Why a gold-plated credit card may not be as outrageous as it sounds
In the elite card sector, issuers have been aggressively honing their rewards programs and offering hefty bonuses to those who switch. It's a golden opportunity to win the long-term spending of a wealthy customer base, but only if banks can keep those customers on board after the sparkle fades from that initial offer.
JPMorgan Chase & Co. turned heads with the lush rewards for its new Sapphire Reserve credit card — so much that it briefly ran out of cards — and American Express Co. recently responded by sweetening the perks for its iconic $550-a-year Platinum credit card. Switzerland’s UBS Group AG is also entering the U.S. luxury card sector with its own posh rewards package.
But can any of them hold their own against a credit card that is literally encased in gold?
Four times the weight of a standard credit card, Luxury Card’s top-tier card, issued by Barclaycard, is based on a steel-and-carbon body encased in gold that’s laser-etched with the customer’s name. Introduced last year, the 24K gold-plated card is designed for a consumer who wants to show it off rather than hop from card to card for the next big offer.
“It’s a statement piece, a real conversation-starter in business and social settings,” said Marina Kissam, vice president of customer experience at New York-based Luxury Card, which recently won a patent for its gilded card design.
As outrageous as the Luxury Card sounds, it's a natural extension of the direction the industry is taking. To turn a profit, issuers need to keep customers around for at least a few years, and the escalating race to top rivals’ rewards is beginning to undermine that goal, said Brian Riley, credit card director at Mercator Advisory Group.
“The elite card issuers are working now to hit on a value proposition that doesn’t depend on these rich introductory offers, because profits require customer longevity, not constant turnover,” Riley said.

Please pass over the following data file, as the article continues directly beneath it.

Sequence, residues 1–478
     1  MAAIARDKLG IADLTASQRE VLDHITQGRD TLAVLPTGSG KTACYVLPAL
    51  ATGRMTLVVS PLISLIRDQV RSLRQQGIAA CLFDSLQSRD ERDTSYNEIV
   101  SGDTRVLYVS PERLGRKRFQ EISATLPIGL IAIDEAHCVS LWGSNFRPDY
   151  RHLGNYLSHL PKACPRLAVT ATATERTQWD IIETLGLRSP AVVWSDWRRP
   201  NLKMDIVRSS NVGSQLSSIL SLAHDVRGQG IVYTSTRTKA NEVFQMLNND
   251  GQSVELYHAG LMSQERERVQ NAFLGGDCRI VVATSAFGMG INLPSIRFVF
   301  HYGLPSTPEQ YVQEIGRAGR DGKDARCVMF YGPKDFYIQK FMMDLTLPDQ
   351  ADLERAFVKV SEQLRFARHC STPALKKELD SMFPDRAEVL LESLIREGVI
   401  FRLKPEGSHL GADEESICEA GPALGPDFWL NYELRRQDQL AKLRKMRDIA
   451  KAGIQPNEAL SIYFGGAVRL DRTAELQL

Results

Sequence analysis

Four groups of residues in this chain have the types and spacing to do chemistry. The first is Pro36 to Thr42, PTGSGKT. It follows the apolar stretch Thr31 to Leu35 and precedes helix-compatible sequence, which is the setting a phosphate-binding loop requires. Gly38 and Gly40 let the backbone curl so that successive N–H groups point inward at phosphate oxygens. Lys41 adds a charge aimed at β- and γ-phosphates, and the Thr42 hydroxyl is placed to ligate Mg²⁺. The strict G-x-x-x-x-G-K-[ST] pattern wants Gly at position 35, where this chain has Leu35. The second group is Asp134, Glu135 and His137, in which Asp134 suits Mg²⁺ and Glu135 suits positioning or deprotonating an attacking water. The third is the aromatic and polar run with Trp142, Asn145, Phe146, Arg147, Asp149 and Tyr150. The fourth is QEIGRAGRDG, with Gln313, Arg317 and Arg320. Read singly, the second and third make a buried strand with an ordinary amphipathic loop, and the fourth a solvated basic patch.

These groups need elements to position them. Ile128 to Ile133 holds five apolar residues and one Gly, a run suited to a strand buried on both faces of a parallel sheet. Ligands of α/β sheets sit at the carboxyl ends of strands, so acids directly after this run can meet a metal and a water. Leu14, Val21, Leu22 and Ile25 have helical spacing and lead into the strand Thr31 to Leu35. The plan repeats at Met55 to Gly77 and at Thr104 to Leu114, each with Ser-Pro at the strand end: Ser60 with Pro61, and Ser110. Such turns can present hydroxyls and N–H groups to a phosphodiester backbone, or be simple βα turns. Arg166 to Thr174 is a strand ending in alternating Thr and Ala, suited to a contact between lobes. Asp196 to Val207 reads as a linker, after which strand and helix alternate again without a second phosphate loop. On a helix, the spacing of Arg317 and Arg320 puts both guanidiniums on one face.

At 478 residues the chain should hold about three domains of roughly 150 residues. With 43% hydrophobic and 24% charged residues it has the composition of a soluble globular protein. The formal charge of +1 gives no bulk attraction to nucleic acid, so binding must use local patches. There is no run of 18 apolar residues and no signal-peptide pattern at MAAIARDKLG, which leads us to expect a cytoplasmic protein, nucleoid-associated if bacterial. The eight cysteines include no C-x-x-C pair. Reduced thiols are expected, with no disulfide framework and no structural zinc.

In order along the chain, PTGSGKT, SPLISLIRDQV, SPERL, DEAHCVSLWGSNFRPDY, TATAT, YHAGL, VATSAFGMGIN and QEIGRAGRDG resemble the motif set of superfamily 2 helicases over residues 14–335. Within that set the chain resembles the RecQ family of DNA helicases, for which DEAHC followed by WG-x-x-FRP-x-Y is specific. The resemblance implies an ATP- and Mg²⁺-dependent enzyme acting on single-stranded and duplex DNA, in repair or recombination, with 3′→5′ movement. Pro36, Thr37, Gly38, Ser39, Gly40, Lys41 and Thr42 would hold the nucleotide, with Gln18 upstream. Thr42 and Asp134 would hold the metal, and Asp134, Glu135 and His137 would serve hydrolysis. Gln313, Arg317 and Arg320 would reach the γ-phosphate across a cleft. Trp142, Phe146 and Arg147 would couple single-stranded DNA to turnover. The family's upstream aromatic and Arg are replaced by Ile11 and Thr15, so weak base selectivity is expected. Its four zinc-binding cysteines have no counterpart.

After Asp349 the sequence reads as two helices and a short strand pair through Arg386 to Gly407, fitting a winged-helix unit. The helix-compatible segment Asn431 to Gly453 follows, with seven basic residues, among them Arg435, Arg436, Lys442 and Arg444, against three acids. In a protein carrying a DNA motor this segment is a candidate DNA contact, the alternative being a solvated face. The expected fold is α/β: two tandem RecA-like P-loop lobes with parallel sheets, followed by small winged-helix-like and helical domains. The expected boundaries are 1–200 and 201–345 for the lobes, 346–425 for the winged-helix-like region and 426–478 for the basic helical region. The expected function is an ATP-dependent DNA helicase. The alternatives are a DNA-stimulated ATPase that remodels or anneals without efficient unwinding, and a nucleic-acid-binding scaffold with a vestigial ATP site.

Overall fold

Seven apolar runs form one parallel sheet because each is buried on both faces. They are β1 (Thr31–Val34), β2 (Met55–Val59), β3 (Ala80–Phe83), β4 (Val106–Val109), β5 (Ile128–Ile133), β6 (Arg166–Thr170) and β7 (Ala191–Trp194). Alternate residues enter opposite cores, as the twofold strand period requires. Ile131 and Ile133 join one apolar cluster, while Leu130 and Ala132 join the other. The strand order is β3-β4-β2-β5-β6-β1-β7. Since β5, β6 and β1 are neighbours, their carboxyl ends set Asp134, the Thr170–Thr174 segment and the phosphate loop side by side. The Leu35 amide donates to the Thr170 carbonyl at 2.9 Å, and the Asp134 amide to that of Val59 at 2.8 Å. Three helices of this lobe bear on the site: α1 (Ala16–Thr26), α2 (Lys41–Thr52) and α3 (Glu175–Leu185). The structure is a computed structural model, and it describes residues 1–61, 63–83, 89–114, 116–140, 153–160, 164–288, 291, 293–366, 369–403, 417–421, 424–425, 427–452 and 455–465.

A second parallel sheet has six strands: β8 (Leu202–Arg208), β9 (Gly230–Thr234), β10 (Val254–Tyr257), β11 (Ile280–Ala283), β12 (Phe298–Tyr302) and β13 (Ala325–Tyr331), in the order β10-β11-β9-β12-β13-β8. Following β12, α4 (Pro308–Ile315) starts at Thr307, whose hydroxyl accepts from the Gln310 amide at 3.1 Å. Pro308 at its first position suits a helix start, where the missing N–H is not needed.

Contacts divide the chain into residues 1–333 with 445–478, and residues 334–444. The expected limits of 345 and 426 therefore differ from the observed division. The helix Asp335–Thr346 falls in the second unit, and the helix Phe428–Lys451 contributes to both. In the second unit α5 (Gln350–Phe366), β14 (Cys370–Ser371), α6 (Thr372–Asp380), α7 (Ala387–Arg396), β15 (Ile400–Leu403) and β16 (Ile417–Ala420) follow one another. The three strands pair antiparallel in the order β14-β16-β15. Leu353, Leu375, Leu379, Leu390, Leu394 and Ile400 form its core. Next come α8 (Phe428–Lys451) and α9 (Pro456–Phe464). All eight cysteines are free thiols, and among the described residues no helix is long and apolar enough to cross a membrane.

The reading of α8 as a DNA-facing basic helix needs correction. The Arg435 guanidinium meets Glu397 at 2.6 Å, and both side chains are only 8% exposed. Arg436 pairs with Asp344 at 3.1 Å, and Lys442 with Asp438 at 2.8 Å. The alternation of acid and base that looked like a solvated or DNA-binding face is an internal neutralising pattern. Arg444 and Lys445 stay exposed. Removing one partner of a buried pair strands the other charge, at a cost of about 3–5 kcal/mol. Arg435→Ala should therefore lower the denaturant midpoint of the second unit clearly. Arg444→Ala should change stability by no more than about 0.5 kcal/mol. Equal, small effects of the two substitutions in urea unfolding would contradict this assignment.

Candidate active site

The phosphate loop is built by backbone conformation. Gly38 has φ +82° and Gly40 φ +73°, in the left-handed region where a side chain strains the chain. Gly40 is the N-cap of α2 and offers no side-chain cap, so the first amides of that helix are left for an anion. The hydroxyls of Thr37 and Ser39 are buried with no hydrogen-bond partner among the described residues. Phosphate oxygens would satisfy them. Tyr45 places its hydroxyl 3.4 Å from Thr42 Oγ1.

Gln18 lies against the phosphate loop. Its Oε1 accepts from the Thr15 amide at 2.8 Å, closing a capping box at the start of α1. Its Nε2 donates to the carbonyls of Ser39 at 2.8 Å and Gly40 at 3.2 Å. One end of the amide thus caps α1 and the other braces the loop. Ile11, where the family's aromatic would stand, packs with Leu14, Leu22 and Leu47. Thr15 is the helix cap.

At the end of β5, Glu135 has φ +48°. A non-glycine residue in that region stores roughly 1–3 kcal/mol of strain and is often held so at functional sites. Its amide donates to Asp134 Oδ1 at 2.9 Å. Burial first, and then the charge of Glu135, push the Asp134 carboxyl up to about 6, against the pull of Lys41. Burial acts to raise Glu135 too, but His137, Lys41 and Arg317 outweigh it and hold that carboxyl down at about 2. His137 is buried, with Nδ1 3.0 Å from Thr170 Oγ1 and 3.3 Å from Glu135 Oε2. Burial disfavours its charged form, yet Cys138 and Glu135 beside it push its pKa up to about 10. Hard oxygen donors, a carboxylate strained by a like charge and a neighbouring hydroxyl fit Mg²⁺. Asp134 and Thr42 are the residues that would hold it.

Luxury Card is playing up bling at a time when credit card issuers as a whole are paying more attention to appearances in the battle to retain top-of-wallet status, by introducing cards made of steel or flocked with bright, eye-catching colors. Luxury Card hopes that by combining a competitive rewards package for its $995-a-year card with an actual gold card, it may retain an edge over rivals with cards made of lesser materials.
Market research since the card launched last year suggests the 24K card’s tactile dimension particularly appeals to its users, according to Kissam. “People tell us they really enjoy pocketing that metal."
Consumers who get Luxury Card’s gold credit card accrue 1 point per dollar and may redeem 50,000 points for $1,000 in cash or airfare, which can more than offset the annual fee for high spenders. The gold card program also includes access to personalized concierge services and exclusive access to the Luxury Lounge in Manhattan, where customers receive complimentary beverages, WiFi and help with shopping and travel.
Instead of dangling special introductory packages for new customers, Luxury Card keeps its rewards levels stable. “We’ve had quite a few existing customers upgrade to the Gold Card,” Kissam said, noting that its customers are pretty evenly divided between men and women.
Luxury Card explored the high-end credit card market for years before launching its 24K gold card, Kissam said. Its first product was the $495 Black Card, introduced in 2008 with its issuing partner, Barclaycard, under Visa’s logo. Two years ago Luxury relaunched its portfolio under the Mastercard brand, and last year it rolled out the Gold Card and the $195 Titanium Card, each offering different reward tiers, and the portfolio has seen steady growth for each version, Kissam said.
Luxury Card, operated by a holding company based in Jackson Hole, Wyo., declined to disclose how many consumers use its cards.
Analysts suggest most high-end spenders aren't easily wowed by other payment form factors, such as mobile payments.
“The physicality of the card for an upscale customer is important, particularly in business situations where contactless payments or EMV technology isn’t yet available,” said Thad Peterson, a senior analyst with Aite Group. “And there’s the straight-up ego factor of pulling out your prestige card in front of your friends, which isn’t really replicable with a smartphone.”